Should I be concerned about the measles?
The CDC recently announced that the United States currently has the most measles cases in 20 years. Confirmed cases are now at 397 since June 6 for this year. Should you be concerned? What can you do? Read here to find out.
Should I be concerned about the measles?
The Centers for Disease Control and Prevention recently announced that the United States currently has the most measles cases in 20 years and the most since homegrown outbreaks were eliminated in 2000.
As of May 23, the confirmed case count for 2014 was 288 and growing for 2014, according to the CDC. The number includes 138 cases from Ohio, where the biggest outbreak is ongoing. (A check on the CDC website this week showed that the number has risen to 397 as of June 6.)
Why are the numbers on the rise and what can we do about it? Here are some common questions that you may have about the measles:
Q: So what’s the big deal about measles? Kids just get a rash, right?
A: One of the classic infectious diseases of childhood, measles (also known as rubeola), is a highly contagious viral infection. This vaccine preventable disease is characterized by red eyes (conjunctivitis), a cough (pneumonitis or inflammation of the lungs) and a red, flat rash that begins on the head and descends towards the face, trunk, back and legs. Fever is often seen during the development of the rash. While the infection resolves spontaneously, approximately 1 of every 1000 infected individuals will die.
Q: Can you really die from the measles?
A: Infection of the lungs (pneumonitis) or brain (encephalitis) can be lethal. Infection of the lungs by the virus elicits an intense inflammatory response which destroys the surrounding tissue. Twenty percent of children with measles develop pneumonia. Subsequent infection with bacteria leads to fulminant pneumonia.
Lung infection accounts for approximately 60 percent of the deaths associated with measles. Brain infection, characterized by persistent fever, headache, sleepiness and progression to coma occurs in 1 to 10 per 10,000 cases and accounts for the remaining number of deaths from this disease.
Q. I thought that vaccination prevented measles.
A: It does. Prior to the licensure of an effective measles vaccine in 1967, there were approximately 500,000 to 700,000 cases per year accompanied by 500 to 700 deaths. Following vaccine introduction, the incidence of measles in the U.S. fell by 98 percent. Between 1989 and 1991, there was a resurgence in the U.S. with more than 55,000 cases reported nationally and 123 deaths; most of these cases were among children less than 5 years of age. Reduced vaccination rates among young children (50 percent) were the presumed reason for this outbreak. Following this outbreak, the incidence of measles in the U.S. declined to less than 500 cases per year and measles were declared eradicated in the U.S. in 2000; in 2004 only 37 cases were reported.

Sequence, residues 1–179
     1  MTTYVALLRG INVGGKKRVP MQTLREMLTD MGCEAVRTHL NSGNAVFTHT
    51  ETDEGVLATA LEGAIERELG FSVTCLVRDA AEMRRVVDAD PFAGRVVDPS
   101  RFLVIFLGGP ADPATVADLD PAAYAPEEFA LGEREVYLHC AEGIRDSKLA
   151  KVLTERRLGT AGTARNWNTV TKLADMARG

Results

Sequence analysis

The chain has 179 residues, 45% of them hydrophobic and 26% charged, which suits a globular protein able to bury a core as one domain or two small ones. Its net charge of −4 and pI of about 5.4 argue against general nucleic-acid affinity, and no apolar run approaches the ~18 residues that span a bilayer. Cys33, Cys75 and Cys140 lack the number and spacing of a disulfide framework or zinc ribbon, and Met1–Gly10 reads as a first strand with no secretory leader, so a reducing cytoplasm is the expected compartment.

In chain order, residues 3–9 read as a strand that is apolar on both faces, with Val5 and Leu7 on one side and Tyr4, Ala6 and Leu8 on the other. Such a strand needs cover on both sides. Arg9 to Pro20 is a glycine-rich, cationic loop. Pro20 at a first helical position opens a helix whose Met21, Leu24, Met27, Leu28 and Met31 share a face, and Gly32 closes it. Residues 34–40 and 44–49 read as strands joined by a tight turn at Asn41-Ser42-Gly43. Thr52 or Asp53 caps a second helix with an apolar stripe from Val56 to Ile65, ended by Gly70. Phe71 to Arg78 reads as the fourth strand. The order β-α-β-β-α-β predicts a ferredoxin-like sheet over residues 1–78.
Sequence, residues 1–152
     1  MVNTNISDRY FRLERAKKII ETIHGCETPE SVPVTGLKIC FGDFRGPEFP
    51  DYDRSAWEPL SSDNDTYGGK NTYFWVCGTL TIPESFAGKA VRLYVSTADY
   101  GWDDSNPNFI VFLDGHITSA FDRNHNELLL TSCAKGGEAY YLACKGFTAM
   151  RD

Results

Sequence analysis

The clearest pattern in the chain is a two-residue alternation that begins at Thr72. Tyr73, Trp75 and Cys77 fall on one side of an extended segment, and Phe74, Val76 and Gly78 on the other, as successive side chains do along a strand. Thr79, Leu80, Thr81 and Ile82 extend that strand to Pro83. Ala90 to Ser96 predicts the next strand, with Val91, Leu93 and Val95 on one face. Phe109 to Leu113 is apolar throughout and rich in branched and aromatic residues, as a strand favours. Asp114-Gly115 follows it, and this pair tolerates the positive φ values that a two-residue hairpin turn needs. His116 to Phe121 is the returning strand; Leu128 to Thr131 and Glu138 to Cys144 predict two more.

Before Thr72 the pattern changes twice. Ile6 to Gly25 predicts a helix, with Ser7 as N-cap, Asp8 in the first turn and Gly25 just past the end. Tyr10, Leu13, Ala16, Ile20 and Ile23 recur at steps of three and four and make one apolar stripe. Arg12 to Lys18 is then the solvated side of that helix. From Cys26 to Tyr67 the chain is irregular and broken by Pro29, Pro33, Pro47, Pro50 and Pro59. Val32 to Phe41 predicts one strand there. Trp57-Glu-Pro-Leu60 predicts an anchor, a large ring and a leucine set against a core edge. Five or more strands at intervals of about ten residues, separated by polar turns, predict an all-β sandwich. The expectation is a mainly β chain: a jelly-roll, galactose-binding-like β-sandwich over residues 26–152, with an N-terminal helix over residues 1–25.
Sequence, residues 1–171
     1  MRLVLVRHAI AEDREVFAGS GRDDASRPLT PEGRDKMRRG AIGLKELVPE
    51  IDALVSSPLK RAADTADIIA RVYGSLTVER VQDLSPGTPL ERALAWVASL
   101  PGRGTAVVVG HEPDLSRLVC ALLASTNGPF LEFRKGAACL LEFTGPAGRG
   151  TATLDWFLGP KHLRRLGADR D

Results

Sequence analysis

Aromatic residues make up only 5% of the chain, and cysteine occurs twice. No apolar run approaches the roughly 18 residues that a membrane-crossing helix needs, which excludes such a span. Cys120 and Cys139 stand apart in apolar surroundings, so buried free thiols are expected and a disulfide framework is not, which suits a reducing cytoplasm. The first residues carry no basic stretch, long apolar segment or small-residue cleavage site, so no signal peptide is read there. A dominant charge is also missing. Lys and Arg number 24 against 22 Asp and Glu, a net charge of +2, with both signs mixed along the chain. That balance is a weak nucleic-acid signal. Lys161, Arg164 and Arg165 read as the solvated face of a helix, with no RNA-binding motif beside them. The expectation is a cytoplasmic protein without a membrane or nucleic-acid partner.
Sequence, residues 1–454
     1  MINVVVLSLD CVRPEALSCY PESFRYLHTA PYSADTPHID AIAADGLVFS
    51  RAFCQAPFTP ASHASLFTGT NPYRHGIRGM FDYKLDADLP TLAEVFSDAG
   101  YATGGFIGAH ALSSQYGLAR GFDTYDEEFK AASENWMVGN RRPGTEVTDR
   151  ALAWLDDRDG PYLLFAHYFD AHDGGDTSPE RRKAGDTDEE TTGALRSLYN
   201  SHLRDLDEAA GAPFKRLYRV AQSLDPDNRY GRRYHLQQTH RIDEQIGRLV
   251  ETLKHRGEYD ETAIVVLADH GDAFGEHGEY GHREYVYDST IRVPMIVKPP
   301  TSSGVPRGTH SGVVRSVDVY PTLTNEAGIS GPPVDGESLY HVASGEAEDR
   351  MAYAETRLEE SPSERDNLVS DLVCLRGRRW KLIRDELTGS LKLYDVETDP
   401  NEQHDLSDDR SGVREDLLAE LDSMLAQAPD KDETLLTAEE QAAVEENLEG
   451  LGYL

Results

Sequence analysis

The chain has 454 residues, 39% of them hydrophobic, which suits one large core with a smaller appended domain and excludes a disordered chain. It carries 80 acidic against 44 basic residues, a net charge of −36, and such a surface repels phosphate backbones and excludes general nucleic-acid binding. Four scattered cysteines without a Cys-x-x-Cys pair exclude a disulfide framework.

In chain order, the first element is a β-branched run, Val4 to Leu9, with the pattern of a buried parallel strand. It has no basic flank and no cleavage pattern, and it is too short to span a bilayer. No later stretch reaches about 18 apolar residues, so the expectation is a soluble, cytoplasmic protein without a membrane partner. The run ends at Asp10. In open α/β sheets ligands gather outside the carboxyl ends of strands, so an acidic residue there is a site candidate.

In this latest CDC report, most of the 288 cases occurred in 15 specific outbreaks and over half of these cases occurred in adults. No deaths have been reported. Ninety-seven per cent of these cases were imported from other countries and included Americans travelling abroad as well as foreign nationals entering the U.S. Over half of these cases were associated with travel to the Philippines.
Travel to Africa, Europe and other parts of southeast Asia were also associated with cases. Only 10 percent of cases occurred in vaccinated individuals. Among infected, unvaccinated Americans, 85 percent refused vaccination for religious or philosophical reasons. Interestingly, the densest outbreaks were centered in the Amish communities of Ohio and in California, where parents can decline vaccination without medical reasons.
Q: What can I do as a parent?
A: As discussed in my blog on pertussis or whooping cough, vaccines not only protect the individual who is vaccinated, but in fully vaccinated community, the incidence of the disease is lowered and provides immunity to everyone, including the unvaccinated. The current outbreak demonstrates what can happen when a vaccine preventable disease is introduced into a less than fully vaccinated population. Perhaps you have noted a common theme to my blogs. Vaccines work. Get them for your children and get them for yourself. If you are planning a trip this summer to a measles endemic region, make sure you are up to date.